Your mileage reimbursements are only as accurate as your mileage tracking. Ensure that you’re equipping employees with the best mileage tracker available.
Reimbursing employees for mileage is a great way to protect them from the costs of operating a vehicle for work—especially now that the tax reform has eliminated the unreimbursed business expense deduction. That’s right—for the 2018–2025 tax years, it will be more important than ever for employers to ensure they supply their mobile workforce with an accountable plan for vehicle reimbursement.
However, in the process of doing right by your employees, it’s always important to make sure that your mileage reimbursements do not become cost-prohibitive, as they often do for companies with high-mileage employees. The most important factor in balancing cost control with employee car is an accurate, transparent mileage tracker.
Yesterday’s mileage log won’t cut it
In the past, many organizations have relied on Microsoft Excel spreadsheets to serve as mileage trackers. Employees would routinely record their business trip mileage into the company spreadsheet as part of the car reimbursement process. But now the market is filled with tracking devices, GPS apps, and expense systems with mileage capture. How do you know what’s right for your organization?
We have designed our checklist to help you evaluate both your current mileage log and other options you might be interested in. Given the costly nature of a car reimbursement program, it’s important to choose the mileage tracking method that will be most cost-effective for your organization.
But before using our checklist to help you in this process, it helps to examine why so many organizations are switching from using Excel spreadsheets to track mileage.
Self-reported mileage is the problem
Most mileage tracking used in the past involved the laborious and often inaccurate element of employee-reported data. An employee had to carefully record and calculate distances between stops on a business trip. And often this information had to be entered into more than one system, checked by management, and approved prior to reimbursement. This time-consuming process incentivized short cuts, such as estimates. Tedious processes also tend to leave room for unwitting mistakes.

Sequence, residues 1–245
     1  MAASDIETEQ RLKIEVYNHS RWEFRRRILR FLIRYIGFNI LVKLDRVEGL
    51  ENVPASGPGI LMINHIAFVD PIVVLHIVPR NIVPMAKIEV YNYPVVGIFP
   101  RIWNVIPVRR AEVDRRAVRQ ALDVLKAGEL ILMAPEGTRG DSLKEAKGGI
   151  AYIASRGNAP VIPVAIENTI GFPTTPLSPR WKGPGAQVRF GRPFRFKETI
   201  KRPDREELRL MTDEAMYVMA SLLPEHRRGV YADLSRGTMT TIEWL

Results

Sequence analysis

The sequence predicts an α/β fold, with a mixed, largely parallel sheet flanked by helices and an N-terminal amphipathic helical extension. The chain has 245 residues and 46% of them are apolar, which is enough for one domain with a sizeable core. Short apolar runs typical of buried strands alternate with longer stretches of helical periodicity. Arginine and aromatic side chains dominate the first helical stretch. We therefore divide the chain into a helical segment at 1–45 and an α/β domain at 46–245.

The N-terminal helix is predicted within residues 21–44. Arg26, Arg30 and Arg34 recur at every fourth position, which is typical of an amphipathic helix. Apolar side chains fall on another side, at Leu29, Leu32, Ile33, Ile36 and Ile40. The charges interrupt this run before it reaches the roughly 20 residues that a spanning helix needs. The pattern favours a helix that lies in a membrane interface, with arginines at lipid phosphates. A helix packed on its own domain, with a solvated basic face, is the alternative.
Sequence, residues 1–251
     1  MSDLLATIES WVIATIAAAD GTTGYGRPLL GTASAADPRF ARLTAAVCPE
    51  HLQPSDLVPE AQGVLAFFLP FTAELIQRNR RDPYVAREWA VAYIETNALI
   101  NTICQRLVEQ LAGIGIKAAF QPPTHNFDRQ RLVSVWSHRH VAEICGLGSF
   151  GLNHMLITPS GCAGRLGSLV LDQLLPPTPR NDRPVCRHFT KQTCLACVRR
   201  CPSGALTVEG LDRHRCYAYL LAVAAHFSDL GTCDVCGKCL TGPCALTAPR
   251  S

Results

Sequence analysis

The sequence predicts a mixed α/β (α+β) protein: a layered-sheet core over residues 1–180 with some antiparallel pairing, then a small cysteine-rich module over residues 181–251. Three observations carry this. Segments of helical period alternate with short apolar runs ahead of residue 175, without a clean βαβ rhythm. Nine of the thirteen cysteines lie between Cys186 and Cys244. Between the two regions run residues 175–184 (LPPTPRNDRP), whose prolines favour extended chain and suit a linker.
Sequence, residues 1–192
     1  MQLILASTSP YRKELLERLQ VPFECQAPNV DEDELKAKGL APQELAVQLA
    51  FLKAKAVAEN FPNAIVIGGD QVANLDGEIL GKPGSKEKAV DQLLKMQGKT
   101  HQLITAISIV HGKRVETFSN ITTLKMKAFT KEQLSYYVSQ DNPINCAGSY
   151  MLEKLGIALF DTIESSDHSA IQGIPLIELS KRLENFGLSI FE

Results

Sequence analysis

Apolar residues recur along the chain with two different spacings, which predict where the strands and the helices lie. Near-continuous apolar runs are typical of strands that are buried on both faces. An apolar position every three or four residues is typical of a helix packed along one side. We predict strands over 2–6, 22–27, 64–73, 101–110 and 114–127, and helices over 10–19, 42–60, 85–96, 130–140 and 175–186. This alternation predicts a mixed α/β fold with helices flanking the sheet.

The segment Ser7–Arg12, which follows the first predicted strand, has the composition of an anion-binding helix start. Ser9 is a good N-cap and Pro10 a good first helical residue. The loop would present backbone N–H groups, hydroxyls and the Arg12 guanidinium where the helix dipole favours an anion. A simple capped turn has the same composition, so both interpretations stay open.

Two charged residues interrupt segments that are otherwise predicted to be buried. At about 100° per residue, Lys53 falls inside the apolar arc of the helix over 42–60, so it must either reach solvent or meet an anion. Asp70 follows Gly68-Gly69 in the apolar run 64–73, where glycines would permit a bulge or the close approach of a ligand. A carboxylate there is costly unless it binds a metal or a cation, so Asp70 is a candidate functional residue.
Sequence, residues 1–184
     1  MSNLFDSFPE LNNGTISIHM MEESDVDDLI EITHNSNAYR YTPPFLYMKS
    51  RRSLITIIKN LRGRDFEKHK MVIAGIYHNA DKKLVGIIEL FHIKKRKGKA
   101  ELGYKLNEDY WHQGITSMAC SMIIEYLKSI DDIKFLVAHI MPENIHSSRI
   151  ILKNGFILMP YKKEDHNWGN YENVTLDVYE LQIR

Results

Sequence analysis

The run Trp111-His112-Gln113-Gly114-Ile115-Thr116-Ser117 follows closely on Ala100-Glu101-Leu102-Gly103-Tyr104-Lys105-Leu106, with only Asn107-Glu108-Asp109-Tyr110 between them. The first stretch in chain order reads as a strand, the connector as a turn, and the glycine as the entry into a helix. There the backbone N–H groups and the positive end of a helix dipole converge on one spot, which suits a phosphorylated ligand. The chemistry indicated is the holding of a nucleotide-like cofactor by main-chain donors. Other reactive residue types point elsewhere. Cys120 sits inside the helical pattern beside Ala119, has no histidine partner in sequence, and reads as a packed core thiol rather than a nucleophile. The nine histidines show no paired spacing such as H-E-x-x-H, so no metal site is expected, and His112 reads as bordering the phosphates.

Beyond estimates and mistakes another more insidious form of inaccuracy can plague self-reported mileage: buffering. Given the volatile nature of fuel costs and other expenses associated with operating a vehicle, employees may add a buffer to their mileage to help when expenses increase without an increase in the mileage rate. Over time, this practice can expand beyond a simple mechanism to offset added expenses. Self-reporting leaves few ways for the company to rein in over-reporting.
That’s why today’s automated mileage trackers are starting to become popular. They offer increased visibility into employee productivity—but they also raise serious privacy concerns.
Changing times, changing practices
As times change and options proliferate, you want to make sure your organization adheres to best practices that help control mileage reimbursement costs while protecting employee income and privacy. Our 2019 Mileage Tracking Checklist is designed to help you ensure you do right by the company and its employees.
Let us help you evaluate all your options and make the best choice possible when it comes to a 21st-century mileage log.